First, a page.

With opinion polls indicating Turkey’s ruling Justice and Development Party (AKP) could lose major cities in local elections on Sunday, a panicked government has resorted to hardline tactics to put pressure on the opposition and voters, said analysts Aykan Erdemir and Merve Tahiroğlu in an article for the Washington-based The Foundation for Defense of Democracies think tank.
President Recep Tayyip Erdoğan is campaigning hard ahead of the polls, the first since he took on executive powers last year. But an economic recession has hurt the AKP’s chances and could lead to Erdoğan’s opponents taking control of the municipalities of Istanbul, the biggest city, and Ankara, the capital, for the first time since 1994.
Erdoğan has been using the media, 90 percent of which is under his control, to undermine opposition candidates, Erdemir and Tahiroğlu said. In February, state broadcaster TRT gave 53 hours of airtime to Erdoğan and his far-right allies, all of which was favourable, and only six hours to the opposition, most of it negative coverage
Erdoğan has presented the local elections as a matter of national security, painting his opponents as being in league with terrorists. The president says the pro-Kurdish opposition Peoples’ Democratic Party (HDP) is the political wing of the Kurdistan Workers’ Party (PKK) that has fought an armed insurgency for Kurdish self-rule since 1984.
The HDP, which came third in general elections last year, is informally backing other opposition parties by not putting up candidates in big cities so as not to divide their vote.
Pro-government outlets this week said some 334 opposition candidates for local councils were linked to the PKK based on police reports that in some cases dated back to the 1990s. Erdoğan said on television on Thursday that he believed prosecutors would immediately open investigations into those candidates.
Opposition parties have alleged irregularities in electorate records. The Supreme Electoral Council’s electoral roll, made public in January, included more than 6,000 people over the age of 100, including one 148-year-old, one aged 149, and another aged 165. In some districts the number of voters increased dramatically, such as one district in the central province of Çankırı where the number of voters increased by 96 percent in six months.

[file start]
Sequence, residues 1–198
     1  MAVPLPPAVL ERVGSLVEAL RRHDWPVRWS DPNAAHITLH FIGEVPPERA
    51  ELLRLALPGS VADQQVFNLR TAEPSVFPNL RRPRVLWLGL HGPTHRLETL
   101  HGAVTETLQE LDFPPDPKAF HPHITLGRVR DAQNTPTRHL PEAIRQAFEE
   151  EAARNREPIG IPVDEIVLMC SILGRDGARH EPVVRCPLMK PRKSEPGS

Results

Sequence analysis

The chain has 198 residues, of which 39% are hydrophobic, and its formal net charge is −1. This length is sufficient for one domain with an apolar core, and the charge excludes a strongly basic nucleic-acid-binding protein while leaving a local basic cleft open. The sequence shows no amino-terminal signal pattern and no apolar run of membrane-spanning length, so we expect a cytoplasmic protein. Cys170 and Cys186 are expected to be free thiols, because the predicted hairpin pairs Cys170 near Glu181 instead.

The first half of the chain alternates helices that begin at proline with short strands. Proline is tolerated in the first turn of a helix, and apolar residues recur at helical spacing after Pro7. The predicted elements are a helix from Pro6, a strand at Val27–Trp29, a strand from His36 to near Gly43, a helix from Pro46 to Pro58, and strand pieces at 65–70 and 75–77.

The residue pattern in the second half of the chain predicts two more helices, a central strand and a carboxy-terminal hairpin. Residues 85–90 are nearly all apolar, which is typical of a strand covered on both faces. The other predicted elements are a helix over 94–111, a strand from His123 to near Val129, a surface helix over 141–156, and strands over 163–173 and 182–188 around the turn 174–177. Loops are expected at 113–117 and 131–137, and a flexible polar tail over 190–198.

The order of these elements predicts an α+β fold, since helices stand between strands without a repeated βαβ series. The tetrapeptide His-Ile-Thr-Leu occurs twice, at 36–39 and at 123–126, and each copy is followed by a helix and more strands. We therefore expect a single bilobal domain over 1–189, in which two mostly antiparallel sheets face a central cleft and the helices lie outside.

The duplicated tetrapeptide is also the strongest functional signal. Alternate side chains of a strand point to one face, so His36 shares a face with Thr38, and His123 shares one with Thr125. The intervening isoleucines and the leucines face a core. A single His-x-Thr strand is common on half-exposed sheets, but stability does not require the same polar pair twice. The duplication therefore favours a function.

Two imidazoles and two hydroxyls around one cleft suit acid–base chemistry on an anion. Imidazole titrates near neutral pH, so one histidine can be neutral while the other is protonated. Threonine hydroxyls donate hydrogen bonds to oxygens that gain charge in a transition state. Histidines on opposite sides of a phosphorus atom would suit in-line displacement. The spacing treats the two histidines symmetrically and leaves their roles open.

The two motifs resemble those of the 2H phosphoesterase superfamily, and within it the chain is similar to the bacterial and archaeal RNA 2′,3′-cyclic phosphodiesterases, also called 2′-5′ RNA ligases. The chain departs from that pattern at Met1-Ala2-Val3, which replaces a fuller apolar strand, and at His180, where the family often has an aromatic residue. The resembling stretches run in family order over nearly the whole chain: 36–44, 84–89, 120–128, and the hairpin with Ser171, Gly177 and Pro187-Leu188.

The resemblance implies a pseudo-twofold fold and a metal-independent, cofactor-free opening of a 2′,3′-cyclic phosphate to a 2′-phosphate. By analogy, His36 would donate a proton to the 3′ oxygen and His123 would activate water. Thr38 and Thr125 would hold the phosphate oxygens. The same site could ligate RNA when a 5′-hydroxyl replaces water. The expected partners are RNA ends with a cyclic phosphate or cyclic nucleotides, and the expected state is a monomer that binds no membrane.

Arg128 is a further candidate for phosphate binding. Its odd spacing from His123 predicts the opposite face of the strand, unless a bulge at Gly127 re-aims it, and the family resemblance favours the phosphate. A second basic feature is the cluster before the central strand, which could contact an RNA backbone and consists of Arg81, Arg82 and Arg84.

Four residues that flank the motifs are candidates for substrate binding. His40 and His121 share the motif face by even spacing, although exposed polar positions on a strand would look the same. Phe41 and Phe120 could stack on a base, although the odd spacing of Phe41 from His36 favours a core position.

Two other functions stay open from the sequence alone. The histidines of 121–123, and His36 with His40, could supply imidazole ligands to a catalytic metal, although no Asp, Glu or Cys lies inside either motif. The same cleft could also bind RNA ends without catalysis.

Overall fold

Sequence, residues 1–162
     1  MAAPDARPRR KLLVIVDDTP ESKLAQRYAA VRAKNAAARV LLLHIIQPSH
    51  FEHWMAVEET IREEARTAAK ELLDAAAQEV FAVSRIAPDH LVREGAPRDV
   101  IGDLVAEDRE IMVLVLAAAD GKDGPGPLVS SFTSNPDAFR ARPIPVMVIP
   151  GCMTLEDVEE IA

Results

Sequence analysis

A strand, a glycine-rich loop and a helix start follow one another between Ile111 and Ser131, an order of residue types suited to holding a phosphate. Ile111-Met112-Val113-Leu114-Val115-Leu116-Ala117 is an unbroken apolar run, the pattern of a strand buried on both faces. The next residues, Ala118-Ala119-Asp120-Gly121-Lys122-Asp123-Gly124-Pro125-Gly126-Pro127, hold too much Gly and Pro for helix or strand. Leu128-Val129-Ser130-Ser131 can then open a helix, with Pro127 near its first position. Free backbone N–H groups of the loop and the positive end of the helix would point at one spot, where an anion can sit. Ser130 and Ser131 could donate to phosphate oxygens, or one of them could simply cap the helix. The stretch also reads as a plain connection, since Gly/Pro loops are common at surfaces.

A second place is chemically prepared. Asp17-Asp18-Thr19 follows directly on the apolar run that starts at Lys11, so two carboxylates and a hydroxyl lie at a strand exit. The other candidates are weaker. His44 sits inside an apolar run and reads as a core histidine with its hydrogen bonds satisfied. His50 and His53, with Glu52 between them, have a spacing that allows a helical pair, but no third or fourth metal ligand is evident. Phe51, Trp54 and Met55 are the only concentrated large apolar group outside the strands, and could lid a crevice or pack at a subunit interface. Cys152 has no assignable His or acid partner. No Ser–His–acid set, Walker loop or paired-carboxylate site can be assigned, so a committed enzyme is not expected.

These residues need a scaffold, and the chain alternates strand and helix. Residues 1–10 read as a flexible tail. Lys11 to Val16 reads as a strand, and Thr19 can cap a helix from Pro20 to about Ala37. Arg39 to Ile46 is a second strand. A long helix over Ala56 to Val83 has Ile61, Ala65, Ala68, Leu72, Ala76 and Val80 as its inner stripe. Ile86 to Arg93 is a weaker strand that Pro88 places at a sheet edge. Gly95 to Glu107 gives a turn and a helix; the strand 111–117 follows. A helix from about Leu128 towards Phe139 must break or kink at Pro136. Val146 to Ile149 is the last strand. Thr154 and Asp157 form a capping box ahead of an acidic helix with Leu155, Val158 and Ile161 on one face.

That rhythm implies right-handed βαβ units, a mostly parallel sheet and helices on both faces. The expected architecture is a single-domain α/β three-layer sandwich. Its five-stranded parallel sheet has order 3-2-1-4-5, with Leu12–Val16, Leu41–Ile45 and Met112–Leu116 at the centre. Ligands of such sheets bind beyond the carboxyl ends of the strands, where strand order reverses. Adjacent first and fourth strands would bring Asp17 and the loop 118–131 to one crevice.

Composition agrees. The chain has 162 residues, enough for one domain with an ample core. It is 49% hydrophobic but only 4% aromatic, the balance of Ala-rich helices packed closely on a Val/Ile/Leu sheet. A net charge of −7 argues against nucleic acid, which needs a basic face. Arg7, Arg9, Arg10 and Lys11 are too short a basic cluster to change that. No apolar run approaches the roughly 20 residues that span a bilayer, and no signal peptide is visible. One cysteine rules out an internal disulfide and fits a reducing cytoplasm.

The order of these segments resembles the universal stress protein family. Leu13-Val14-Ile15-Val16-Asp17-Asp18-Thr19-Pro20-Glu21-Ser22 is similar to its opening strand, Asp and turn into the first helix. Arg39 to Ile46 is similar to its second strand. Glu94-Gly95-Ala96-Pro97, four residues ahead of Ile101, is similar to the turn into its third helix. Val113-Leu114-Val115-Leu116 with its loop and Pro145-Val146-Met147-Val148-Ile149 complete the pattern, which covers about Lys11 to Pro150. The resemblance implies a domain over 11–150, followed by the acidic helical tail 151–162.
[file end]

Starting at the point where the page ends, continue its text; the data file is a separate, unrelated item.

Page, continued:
The head of the Supreme Electoral Council said this week that 146,669 voters had been struck off the electoral roll.
“Despite Turkey’s uneven playing field, and Erdoğan’s intimidation and foul play, the opposition, against all odds, could still win a historic victory on Sunday, capturing the nation’s capital Ankara and its economic hub, Istanbul,” said Erdemir and Tahiroğlu.
“While there are no national elections scheduled for the next four years, losing key cities would be a major blow to Erdoğan, who extracts cash from municipal governments. A victory would also extend a lifeline to Turkey’s battered opposition,” they said.
Under the new constitution, the president controls the municipal purse strings and can cut off funds at will.
“Most of the municipalities are right now bankrupt, broken. They cannot pay salaries. They talk as if the local elections will end and they will restore the Turkish economy. Do not lie to the people. I am the one responsible of the Turkish economy. There is nothing local administers can do, whatever they are saying is just lies,” Erdoğan said on Thursday during an election rally.